A very small number of snapshot vendors, NetApp for example, have made it possible to actually peer into the snapshot and perform message extraction. The challenge is that, even with this enhanced functionality, it is difficult to justify long-term retention of Exchange snapshots. The cost of the storage and the dependency on the original are too great to be used for a long-term storage repository.
While snapshots are ideal for recovery from data corruption, customers need a higher level of recoverability.
Continuous or near-continuous data protection
To fill this void, companies like Asempra, Inmage and SyncSort have created continuous or near-continuous data protection solutions. These products essentially capture data more frequently than snapshots to a separate storage controller. This alleviates two shortcomings of snapshots: the cost of disk and the performance penalty for retaining many snapshots. Also, these standalone copies are independent of the original data set; if the primary storage controller fails, the data and all its historical snapshots are still available.
In addition, because the targets are separate storage areas, the Exchange server can mount these standalone images directly. So in the event of a data corruption, instead of having to go through the time-consuming recovery process, you can merely redirect the Exchange server to mount the image on the secondary target. Because of the frequency of protection, only a limited number of transaction logs need to be replayed.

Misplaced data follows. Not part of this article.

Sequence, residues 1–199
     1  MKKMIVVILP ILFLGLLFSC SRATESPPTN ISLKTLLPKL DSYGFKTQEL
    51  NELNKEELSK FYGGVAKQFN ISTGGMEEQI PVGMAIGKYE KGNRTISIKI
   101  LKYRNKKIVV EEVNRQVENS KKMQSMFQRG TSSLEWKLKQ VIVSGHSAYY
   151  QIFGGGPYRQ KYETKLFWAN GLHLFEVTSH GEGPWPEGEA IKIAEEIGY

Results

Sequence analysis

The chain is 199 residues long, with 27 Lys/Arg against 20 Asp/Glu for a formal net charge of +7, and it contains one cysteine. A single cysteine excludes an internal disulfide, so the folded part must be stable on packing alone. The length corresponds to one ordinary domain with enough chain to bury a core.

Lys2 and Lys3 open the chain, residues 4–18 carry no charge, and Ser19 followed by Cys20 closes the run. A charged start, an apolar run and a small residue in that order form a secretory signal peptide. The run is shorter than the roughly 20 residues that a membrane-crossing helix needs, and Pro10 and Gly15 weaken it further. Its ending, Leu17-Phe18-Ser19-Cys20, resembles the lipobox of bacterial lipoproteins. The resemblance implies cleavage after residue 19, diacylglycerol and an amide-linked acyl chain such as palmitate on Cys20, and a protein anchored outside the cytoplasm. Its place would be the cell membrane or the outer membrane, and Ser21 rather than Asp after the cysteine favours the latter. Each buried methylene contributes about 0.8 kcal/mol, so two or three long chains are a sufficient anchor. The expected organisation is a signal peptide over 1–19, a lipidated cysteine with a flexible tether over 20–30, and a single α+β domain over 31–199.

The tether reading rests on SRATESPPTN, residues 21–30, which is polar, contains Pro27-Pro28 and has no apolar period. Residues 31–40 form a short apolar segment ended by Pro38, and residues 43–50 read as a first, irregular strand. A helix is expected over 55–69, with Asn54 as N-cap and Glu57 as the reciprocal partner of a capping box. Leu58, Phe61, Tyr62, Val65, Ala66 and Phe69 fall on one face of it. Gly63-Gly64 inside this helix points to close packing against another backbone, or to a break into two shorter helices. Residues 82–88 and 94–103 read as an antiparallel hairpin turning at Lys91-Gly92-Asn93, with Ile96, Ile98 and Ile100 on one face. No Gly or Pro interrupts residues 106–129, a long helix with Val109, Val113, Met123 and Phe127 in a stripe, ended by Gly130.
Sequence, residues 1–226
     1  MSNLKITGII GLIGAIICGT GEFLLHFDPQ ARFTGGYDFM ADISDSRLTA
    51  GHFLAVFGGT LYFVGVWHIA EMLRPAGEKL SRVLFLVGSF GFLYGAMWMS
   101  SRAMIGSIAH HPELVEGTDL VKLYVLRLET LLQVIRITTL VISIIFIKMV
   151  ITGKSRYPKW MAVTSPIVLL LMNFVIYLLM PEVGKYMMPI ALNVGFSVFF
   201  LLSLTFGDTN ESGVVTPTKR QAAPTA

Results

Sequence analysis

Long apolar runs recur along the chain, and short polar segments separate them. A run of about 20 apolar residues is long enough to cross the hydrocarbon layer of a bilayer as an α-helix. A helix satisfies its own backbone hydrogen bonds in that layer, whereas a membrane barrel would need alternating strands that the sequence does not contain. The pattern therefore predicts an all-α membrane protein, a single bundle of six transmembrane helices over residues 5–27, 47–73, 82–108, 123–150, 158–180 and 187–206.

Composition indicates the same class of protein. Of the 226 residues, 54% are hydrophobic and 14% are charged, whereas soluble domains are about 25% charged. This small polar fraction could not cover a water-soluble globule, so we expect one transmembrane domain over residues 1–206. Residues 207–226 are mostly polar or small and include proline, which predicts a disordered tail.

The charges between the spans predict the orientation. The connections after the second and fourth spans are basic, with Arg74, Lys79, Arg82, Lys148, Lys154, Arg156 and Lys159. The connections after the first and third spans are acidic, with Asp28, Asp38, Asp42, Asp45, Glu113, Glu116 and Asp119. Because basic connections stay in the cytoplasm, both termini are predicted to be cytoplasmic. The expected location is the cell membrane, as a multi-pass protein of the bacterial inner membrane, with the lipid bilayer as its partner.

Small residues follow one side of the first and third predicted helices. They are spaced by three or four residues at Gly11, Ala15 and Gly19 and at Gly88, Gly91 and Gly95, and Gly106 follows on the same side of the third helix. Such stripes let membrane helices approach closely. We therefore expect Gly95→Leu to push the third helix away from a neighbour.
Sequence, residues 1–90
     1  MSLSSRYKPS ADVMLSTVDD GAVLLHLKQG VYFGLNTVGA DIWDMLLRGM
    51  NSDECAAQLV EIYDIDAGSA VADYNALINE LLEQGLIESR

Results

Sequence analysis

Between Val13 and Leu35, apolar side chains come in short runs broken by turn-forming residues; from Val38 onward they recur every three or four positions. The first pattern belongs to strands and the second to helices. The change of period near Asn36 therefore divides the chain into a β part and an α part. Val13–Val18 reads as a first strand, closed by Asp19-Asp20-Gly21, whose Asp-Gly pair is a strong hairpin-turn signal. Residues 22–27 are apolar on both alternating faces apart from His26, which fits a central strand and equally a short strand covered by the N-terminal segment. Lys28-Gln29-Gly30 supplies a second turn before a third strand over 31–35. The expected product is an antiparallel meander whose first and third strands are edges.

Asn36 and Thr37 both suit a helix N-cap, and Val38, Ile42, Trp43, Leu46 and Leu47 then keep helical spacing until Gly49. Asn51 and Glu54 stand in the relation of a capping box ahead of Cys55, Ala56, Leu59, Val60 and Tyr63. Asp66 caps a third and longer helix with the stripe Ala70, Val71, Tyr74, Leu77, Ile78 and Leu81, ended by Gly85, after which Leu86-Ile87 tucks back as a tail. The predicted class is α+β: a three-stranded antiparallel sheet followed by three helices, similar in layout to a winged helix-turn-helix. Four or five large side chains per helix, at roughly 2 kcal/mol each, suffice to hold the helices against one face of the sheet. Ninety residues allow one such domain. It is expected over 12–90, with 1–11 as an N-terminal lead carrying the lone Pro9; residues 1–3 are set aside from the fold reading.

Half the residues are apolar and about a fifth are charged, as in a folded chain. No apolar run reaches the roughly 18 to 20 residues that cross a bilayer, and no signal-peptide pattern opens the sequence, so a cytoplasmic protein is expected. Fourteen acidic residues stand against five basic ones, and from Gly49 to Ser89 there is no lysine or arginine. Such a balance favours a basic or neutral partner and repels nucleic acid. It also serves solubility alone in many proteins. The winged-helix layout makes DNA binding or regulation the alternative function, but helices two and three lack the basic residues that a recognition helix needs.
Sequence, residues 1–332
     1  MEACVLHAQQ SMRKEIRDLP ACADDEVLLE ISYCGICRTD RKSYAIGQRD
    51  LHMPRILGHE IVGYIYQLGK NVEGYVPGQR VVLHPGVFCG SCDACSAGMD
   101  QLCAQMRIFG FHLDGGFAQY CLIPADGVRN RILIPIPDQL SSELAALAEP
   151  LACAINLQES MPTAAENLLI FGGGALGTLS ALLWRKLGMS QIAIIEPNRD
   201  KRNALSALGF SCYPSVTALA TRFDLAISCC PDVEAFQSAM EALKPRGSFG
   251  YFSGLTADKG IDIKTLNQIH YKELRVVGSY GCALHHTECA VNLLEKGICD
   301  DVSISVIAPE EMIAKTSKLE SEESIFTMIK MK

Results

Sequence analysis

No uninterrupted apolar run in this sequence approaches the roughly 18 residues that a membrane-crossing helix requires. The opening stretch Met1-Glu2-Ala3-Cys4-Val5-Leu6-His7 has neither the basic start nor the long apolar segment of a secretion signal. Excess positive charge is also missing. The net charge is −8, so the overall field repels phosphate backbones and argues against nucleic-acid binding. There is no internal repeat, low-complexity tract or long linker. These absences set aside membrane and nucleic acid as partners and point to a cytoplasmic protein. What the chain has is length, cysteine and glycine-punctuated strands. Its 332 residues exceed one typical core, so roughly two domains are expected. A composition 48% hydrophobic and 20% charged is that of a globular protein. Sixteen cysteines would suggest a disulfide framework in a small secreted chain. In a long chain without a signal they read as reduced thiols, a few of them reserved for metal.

As storage suppliers have done with snapshots, most CDP or near-CDP vendors have incorporated Exchange integration into their products to ensure that the Exchange environment is in the correct state, but as with snapshots, these systems have limited tools for extraction of specific messages. SyncSort provides the ability to search and extract specific mailboxes or messages from the secondary Exchange copy. Message- or mailbox-level extraction, coupled with inexpensive long-term storage on secondary hardware, makes a viable solution for handling service discovery requests.
SyncSort takes this a step further by integrating the near-CDP function into the backup process. Most CDP or near-CDP solutions involve a process that's external to the backup application. This adds an extra burden on your customers because the secondary copy has to be manually backed up, separate jobs need to be created and separate GUIs need to be monitored. With integration to the backup process, on the other hand, older images can be moved to tape as the secondary disk target begins to run out of capacity. The combination of near-CDP functionality, message-level extraction and integration into the backup process make this a formidable combination and a big problem solver for resellers.
One final point: Most of the companies that can provide enhanced Exchange data protection have excellent channel programs and, with the exception of NetApp, have limited direct sales teams for the channel to compete with.
About the author
George Crump is president and founder of Storage Switzerland, an IT analyst firm focused on the storage and virtualization segments. With 25 years of experience designing storage solutions for data centers across the United States, he has seen the birth of such technologies as RAID, NAS and SAN. Prior to founding Storage Switzerland, George was chief technology officer at one of the nation's largest storage integrators, where he was in charge of technology testing, integration and product selection. Find Storage Switzerland's disclosure statement here.
This was first published in November 2008